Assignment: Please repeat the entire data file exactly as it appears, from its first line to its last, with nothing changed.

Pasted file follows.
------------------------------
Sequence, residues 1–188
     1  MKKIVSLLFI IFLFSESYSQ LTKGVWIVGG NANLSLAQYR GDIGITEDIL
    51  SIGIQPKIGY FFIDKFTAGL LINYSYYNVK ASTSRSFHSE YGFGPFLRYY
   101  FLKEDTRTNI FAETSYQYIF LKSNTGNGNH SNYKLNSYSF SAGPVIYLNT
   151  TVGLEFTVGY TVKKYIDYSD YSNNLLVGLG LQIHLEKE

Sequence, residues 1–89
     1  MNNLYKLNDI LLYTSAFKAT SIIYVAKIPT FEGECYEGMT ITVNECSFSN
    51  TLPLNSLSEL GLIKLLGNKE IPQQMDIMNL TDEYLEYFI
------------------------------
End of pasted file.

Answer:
Sequence, residues 1–188
     1  MKKIVSLLFI IFLFSESYSQ LTKGVWIVGG NANLSLAQYR GDIGITEDIL
    51  SIGIQPKIGY FFIDKFTAGL LINYSYYNVK ASTSRSFHSE YGFGPFLRYY
   101  FLKEDTRTNI FAETSYQYIF LKSNTGNGNH SNYKLNSYSF SAGPVIYLNT
   151  TVGLEFTVGY TVKKYIDYSD YSNNLLVGLG LQIHLEKE

Sequence, residues 1–89
     1  MNNLYKLNDI LLYTSAFKAT SIIYVAKIPT FEGECYEGMT ITVNECSFSN
    51  TLPLNSLSEL GLIKLLGNKE IPQQMDIMNL TDEYLEYFI